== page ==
A little less than two hours after we invited our social worker into our home, *A* and I stood on our sparkly white front porch and waved her off, then sat down and looked at each other with an expression of “Uh, that was it?” on our faces. The whole experience was not especially surreal, but it was….well….disappointing. As a matter of fact, we were kind of confused (the primary reason why it has taken us until today – Saturday – to post about it).
Don’t get me wrong: the visit went just fine. It would’ve been nice to have a super friendly, chatty social worker to put us at ease, and her business-like manner was sort of unexpected, but she was not unfriendly, by any means. We have no reason for concern, or at least, no reason to be fearful about anything negative coming from it. And I’ll freely admit that we undoubtedly turned it into a bigger deal than was necessary. But there’s a response of “Oh, that’s all?” that stems from relief that something is over, and then there’s how we felt: “Uh, surely that’s not all there is…”
The truth is, yeah, we’ve filled out quite a bit of paperwork, much of it necessarily invasive. We expected that our social worker would have A)read that paperwork and B)asked us questions that would have expanded our previous answers. Instead, she freely admitted that she had a copy of but hadn’t yet read our “client profile” (which delineates the decisions we’ve made in regards to what situations we’re open to with potential birthparents), one of our weightiest documents. That was sort of concerning – seems like it would have been a good bit of homework to do prior to meeting us, but who knows – maybe that’s not how it works. She did not mention whether or not she’d read our autobiographies, but the questions she asked were the exact same ones. So naturally we generated the exact same answers ,which she dutifully scribbled into a three-square-inch block on an answer sheet she completed as we went along. It was hard enough for us to cram our answers to these difficult questions into a short paragraph. They were further being crammed into a tinier space on a question-and-answer interview form.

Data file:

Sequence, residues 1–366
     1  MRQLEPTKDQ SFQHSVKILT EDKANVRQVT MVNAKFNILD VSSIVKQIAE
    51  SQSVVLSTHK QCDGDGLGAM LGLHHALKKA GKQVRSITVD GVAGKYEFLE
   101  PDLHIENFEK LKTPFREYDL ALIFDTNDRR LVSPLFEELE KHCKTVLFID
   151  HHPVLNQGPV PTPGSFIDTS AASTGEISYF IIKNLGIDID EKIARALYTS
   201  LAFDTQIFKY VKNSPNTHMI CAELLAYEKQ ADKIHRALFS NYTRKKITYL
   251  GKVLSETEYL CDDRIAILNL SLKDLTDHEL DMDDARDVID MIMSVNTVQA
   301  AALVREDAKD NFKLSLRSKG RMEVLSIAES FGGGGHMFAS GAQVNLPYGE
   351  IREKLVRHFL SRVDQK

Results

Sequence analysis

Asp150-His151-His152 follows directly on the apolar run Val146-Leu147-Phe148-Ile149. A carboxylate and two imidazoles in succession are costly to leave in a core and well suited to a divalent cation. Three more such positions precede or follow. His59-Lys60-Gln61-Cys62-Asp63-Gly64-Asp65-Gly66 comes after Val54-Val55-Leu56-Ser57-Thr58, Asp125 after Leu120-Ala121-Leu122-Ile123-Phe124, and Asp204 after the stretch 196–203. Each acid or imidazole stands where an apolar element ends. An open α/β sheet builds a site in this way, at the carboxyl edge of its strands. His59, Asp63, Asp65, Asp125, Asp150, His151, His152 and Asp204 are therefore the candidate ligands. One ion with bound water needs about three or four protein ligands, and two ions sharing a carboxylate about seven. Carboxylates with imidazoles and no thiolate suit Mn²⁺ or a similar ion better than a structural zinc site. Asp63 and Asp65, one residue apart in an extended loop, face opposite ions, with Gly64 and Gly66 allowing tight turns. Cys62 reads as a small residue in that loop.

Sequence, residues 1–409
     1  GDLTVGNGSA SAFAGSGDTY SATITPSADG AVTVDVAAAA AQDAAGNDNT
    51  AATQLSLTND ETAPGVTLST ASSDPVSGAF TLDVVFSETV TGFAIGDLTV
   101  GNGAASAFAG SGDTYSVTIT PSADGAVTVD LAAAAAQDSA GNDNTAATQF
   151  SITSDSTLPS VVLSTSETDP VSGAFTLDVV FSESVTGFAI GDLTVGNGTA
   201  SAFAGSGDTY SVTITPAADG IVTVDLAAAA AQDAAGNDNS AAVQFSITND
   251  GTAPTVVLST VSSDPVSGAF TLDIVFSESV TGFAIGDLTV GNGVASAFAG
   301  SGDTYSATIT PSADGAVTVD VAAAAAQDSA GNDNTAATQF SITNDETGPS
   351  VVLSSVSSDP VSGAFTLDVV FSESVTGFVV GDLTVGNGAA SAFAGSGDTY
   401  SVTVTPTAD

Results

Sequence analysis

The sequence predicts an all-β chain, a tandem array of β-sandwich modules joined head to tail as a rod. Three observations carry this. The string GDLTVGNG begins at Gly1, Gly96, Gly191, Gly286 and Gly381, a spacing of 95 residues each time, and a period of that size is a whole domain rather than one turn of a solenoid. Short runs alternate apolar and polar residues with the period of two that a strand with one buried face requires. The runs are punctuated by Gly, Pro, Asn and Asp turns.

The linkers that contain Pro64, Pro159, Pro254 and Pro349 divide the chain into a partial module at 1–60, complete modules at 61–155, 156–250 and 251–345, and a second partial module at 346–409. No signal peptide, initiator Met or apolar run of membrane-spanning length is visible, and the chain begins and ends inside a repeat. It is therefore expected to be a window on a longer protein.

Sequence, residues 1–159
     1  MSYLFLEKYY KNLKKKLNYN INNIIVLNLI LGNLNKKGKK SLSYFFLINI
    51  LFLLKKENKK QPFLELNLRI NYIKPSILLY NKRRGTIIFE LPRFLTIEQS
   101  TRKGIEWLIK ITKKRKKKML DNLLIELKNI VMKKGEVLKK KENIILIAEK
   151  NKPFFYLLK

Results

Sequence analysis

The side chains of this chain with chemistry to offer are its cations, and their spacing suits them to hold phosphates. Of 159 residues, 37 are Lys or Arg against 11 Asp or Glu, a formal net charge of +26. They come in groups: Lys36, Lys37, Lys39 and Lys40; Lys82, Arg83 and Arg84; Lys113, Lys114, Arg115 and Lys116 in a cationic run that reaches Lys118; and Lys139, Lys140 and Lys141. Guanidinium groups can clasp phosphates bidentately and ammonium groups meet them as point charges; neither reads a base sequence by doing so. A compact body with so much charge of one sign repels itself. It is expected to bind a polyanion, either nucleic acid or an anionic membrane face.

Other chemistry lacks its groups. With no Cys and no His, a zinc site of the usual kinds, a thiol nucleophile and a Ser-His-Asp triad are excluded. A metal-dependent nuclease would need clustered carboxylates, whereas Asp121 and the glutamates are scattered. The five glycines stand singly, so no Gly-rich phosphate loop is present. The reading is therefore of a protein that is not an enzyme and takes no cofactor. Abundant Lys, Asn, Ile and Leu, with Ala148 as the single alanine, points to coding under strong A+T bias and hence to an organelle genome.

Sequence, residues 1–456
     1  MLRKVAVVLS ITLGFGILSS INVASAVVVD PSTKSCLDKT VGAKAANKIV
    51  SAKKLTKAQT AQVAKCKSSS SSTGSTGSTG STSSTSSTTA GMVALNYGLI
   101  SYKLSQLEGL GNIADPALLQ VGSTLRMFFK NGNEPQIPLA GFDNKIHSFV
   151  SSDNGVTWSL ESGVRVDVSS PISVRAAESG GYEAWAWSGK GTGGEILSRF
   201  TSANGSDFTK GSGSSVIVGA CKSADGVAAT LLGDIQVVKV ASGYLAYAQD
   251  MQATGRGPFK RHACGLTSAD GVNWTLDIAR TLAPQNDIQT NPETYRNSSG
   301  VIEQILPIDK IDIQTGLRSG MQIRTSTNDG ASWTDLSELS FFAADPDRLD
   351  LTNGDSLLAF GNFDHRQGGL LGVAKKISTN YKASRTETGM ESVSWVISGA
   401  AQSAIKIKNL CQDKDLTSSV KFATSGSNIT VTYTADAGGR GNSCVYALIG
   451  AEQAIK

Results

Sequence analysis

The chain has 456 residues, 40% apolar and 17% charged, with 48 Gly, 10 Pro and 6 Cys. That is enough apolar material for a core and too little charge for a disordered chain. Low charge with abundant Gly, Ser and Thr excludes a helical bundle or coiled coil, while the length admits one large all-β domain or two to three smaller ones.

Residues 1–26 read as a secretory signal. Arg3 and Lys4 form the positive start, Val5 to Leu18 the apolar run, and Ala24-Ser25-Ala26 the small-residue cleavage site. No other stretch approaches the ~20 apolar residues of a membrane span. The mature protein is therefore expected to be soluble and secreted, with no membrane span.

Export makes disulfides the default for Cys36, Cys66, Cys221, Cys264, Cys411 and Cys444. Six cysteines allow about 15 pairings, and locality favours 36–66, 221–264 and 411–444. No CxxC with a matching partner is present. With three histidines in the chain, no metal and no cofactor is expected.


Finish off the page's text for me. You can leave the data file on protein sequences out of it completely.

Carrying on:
The thing is, as former English majors who both like to write, we realized that we’re not really writing the epic stories of our lives thus far, and we’d spent a great deal of time editing our autobiographies to a decently concise minimum – three pages. If I do say so myself, we’re not wholly uninteresting people, and there’s a lot to leave out in just three short pages each. We really thought, and we were told, that the home study process was all about getting to know us as prospective adoptive parents. The interviews would be a good chance to fill in the gaps, to expand what we left out, somewhat at least. We just don’t feel that was really accomplished in this super-short, by-the-book meeting. Maybe that’s how it goes for everyone. We don’t know.